More clues on Mitt Romney’s foreign aid plans

Republican presidential candidate Mitt Romney. Photo by: Gage Skidmore / CC BY-SA

In a speech ripe with criticism of U.S. President Barack Obama’s foreign policy, Republican presidential candidate Mitt Romney proposed another reform of the United States’ foreign aid program.

“I will organize all assistance efforts in the greater Middle East under one official with responsibility and accountability to prioritize efforts and produce results,” Romney said as part of a foreign policy speech he delivered Oct. 8 in Lexington, Virginia.

Romney did not specify if this plan covers both military and civilian assistance or whether he plans to appoint a different official for either type of aid.

In his speech, Romney once again emphasized the need to shift to a development program that embraces free enterprise, trade and good governance. U.S. foreign assistance should create incentives to promote these three, he said.

Romney first proposed the idea of creating such incentives as part of “prosperity pacts” when he addressed the recently concluded 2012 Clinton Global Initiative in New York, USA.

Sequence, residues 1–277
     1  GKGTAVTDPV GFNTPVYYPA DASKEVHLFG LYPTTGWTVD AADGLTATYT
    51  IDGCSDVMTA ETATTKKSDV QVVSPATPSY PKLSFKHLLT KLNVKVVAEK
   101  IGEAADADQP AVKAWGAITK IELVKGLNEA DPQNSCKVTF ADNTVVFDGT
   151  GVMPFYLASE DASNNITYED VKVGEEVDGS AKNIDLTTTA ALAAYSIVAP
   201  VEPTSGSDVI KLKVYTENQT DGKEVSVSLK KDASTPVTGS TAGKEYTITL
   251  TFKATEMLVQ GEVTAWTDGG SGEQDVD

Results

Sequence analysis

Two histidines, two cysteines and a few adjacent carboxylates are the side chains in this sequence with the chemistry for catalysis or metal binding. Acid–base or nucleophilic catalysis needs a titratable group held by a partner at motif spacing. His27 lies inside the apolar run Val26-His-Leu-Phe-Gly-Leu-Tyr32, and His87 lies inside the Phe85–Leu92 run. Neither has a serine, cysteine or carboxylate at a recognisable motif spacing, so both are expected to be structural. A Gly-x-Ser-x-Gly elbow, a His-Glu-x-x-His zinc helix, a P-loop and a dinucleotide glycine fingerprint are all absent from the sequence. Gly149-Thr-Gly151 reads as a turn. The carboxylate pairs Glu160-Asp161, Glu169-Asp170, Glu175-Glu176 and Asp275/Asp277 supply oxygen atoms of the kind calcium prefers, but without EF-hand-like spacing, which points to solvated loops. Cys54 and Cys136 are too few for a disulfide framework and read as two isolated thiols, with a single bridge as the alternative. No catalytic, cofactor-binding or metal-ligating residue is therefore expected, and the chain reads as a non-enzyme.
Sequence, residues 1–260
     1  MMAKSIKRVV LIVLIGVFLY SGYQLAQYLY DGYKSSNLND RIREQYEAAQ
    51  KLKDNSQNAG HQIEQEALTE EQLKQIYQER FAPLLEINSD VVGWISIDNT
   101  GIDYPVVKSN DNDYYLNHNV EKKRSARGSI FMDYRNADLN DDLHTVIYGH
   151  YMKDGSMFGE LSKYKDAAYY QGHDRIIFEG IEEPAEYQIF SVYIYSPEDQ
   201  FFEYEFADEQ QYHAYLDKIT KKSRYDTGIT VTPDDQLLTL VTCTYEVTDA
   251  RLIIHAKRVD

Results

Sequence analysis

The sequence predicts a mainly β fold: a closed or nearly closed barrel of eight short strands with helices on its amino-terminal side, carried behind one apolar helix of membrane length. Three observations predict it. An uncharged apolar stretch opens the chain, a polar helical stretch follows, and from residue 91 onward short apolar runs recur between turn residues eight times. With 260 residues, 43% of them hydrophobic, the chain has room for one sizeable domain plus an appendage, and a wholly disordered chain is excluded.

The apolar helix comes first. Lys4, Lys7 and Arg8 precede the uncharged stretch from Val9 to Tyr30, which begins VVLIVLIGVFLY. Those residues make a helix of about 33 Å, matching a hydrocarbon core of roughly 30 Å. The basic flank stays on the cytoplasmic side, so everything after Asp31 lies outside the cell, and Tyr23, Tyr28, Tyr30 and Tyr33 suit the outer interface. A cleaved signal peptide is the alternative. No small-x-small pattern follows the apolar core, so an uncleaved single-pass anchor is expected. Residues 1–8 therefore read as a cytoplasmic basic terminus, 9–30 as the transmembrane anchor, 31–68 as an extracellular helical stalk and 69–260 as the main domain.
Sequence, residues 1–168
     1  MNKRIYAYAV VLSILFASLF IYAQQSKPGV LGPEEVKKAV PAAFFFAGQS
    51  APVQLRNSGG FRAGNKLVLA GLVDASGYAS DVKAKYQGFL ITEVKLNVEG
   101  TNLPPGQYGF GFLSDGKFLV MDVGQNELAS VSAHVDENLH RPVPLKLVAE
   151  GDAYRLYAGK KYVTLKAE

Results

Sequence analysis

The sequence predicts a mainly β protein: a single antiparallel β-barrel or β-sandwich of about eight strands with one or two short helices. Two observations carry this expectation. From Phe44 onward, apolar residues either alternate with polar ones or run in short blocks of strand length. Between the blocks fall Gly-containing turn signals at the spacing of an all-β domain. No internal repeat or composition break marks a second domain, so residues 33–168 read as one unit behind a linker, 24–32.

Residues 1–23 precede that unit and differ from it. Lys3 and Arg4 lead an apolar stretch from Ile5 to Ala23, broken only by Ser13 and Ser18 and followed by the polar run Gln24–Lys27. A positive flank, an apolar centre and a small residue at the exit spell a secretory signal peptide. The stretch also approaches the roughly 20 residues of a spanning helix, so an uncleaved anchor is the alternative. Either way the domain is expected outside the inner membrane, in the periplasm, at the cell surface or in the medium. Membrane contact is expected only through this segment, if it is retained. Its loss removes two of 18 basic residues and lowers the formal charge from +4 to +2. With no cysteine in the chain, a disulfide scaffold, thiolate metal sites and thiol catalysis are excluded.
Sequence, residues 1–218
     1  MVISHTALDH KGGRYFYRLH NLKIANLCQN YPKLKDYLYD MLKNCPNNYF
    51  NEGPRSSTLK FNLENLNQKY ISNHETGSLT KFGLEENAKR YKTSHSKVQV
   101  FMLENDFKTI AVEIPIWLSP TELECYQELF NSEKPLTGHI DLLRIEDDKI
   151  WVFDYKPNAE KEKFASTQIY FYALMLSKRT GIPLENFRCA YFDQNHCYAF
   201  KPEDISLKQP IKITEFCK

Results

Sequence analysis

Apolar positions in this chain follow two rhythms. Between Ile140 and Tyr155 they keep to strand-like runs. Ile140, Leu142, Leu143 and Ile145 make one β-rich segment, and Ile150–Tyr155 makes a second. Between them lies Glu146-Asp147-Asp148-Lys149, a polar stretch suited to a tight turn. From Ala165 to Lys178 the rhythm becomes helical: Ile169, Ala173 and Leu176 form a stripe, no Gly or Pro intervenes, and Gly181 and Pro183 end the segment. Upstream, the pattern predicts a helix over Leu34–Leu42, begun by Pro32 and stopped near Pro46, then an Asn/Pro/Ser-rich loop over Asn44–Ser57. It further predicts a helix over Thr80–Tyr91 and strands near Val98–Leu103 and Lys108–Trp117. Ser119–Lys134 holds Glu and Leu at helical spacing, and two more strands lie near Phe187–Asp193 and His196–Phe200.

Romney and Obama will answer questions from the public about U.S. foreign policy at a town hall-style meeting on Oct. 16 in New York. Another presidential debate on Oct. 22 in Florida will focus solely on foreign policy.

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About the author

  • Ivy Mungcal

    As former senior staff writer, Ivy Mungcal contributed to several Devex publications. Her focus is on breaking news, and in particular on global aid reform and trends in the United States, Europe, the Caribbean, and the Americas. Before joining Devex in 2009, Ivy produced specialized content for U.S. and U.K.-based business websites.